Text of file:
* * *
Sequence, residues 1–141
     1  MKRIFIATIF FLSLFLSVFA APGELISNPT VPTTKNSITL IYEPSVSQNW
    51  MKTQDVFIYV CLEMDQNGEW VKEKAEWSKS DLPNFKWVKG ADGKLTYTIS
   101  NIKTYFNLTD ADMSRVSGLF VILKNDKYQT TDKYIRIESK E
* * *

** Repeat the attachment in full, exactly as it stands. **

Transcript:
Sequence, residues 1–141
     1  MKRIFIATIF FLSLFLSVFA APGELISNPT VPTTKNSITL IYEPSVSQNW
    51  MKTQDVFIYV CLEMDQNGEW VKEKAEWSKS DLPNFKWVKG ADGKLTYTIS
   101  NIKTYFNLTD ADMSRVSGLF VILKNDKYQT TDKYIRIESK E